The project is funded by Ministry of Foreign Affairs of Denmark, DANIDA Fellowship from 2021-2023
Rapidly expanding disintegrated urban areas in developing economies are presented with social, climatic, and ecological challenges. The design of green, health-promoting cities, particularly in low- and middle-income countries, has become a pressing matter. It is therefore time to rethink urban development in South Africa (SA) towards greater sustainability and inclusion. Green infrastructure offers a sustainable planning approach that integrates water-related benefits and socio-economic gains into cities’ ecological fabric to improve the functioning of urban ecological systems and the quality of public spaces for greater health and well-being.
Based on a research collaboration between AU and University of Pretoria, the GRIP project will provide new knowledge on green infrastructure in South Africa through an interdisciplinary research project that seeks to strengthen the integrated planning approaches in the national capital of South Africa, City of Tshwane (CoT). GRIP will facilitate lessons from City of Aarhus (CoA), in particular their holistic planning integrating social, economic, and cultural issues with urban issues such as non-motorized transportation, densification, water infrastructure and liveable public spaces. Through the GRIP project, a city-to-city collaboration will be combined with research that cross-fertilizes spatial ecology, environmental justice and landscape design, building capacities across disciplines, borders, and sectors. Knowledge will thus be co-created through reciprocal exchange of management experiences (e.g. organization and communication) and stronger technical capacities (high-resolution mapping and big data modelling of multifunctionality), and through integration of ecological knowledge (on species and habitats) and social gains (local identity, equity, justice and economic development, in particular).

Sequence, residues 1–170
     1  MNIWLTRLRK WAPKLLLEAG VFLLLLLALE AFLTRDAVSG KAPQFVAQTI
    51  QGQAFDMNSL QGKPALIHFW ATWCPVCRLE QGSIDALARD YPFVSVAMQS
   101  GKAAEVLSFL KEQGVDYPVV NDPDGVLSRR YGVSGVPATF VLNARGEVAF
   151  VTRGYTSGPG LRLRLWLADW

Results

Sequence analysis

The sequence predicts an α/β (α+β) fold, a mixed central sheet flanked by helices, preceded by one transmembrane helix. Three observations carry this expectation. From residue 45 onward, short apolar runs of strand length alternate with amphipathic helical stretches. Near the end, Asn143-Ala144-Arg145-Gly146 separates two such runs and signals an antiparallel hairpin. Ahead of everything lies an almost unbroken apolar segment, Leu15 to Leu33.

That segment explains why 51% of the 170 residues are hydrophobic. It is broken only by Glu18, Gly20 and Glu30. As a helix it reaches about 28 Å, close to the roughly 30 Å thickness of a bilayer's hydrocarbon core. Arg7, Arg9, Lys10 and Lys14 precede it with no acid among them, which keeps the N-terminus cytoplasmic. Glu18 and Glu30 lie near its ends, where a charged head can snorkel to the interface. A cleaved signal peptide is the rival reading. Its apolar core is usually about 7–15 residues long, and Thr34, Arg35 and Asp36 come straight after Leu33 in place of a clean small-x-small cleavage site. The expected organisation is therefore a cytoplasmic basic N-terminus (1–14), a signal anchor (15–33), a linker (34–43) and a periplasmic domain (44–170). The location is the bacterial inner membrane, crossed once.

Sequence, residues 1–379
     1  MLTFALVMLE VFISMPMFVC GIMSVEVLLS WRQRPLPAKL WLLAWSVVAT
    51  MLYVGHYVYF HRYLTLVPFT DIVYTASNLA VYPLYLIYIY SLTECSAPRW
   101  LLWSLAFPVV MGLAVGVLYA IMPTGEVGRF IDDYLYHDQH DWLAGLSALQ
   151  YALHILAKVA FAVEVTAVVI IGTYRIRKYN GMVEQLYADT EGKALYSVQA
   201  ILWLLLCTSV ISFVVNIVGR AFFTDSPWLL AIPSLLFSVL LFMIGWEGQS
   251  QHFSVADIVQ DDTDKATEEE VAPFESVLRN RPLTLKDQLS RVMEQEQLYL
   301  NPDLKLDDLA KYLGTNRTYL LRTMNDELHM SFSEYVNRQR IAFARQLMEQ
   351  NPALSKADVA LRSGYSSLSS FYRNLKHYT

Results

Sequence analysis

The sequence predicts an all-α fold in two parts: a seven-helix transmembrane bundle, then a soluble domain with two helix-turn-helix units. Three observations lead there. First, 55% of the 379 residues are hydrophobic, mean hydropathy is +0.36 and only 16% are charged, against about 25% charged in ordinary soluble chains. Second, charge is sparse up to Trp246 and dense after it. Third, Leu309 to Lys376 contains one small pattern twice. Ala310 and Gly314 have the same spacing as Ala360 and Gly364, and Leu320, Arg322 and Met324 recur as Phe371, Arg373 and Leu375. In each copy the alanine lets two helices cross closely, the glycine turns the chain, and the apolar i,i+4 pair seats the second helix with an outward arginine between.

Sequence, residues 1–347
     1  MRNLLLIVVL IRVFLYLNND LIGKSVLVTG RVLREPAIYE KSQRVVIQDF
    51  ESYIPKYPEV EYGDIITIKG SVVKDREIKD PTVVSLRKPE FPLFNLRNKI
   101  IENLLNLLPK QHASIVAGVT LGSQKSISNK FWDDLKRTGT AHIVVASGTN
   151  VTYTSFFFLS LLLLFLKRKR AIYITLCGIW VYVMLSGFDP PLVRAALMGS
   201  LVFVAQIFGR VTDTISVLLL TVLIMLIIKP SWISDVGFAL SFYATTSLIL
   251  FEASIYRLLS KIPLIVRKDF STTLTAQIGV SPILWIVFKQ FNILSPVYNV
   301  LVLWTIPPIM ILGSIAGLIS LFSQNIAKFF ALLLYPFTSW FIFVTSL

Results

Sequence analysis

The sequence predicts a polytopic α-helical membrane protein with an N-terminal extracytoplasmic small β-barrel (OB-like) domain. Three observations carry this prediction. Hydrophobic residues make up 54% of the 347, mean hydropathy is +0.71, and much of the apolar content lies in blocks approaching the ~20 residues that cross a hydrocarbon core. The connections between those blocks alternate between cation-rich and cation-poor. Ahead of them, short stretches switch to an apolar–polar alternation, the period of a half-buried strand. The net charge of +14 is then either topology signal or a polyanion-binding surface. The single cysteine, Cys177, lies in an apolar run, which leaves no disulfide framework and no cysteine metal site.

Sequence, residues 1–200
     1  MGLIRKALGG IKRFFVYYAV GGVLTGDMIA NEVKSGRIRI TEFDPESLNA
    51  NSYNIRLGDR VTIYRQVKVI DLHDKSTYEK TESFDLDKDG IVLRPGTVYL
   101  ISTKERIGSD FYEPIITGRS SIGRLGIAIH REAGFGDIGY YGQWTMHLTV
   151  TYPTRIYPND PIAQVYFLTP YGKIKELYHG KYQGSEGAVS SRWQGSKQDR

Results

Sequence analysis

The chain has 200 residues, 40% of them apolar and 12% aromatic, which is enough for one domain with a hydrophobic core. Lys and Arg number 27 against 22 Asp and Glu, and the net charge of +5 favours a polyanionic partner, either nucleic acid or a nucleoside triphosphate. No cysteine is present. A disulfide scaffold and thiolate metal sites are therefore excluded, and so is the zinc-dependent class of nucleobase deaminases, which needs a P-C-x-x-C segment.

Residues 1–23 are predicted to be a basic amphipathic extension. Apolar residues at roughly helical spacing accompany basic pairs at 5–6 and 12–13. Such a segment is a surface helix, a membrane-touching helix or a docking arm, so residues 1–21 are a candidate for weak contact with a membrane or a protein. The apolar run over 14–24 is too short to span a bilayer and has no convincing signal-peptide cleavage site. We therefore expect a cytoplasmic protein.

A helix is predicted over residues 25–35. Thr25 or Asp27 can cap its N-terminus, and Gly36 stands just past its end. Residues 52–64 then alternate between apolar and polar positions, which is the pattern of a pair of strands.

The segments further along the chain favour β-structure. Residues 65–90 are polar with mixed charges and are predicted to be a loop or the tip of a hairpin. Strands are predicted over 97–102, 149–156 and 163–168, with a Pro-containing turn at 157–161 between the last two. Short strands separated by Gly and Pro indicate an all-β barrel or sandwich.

Through a city-to-city collaboration, the long-term objective of GRIP is to facilitate a strategic transformation of the inherited social and urban landscape in CoT through improved green infrastructure management, multifunctionality, and planning. We test the hypothesis that improved green infrastructure can increase quality of life in the city’s urban communities by moving towards a more livable, health promoting, equitable, biodiverse, and climate resilient city. The research design is anchored in a collaborative and interdisciplinary approach integrating a) best-practice urban planning with focus on green infrastructure governance and ecological design; b) ecological modelling across levels and types of greenness and related multiple benefits, and c) mixed methods, including surveys and ethnographic approaches, for assessing environmental justice, human nature relationships, and ecosystem services benefits to communities.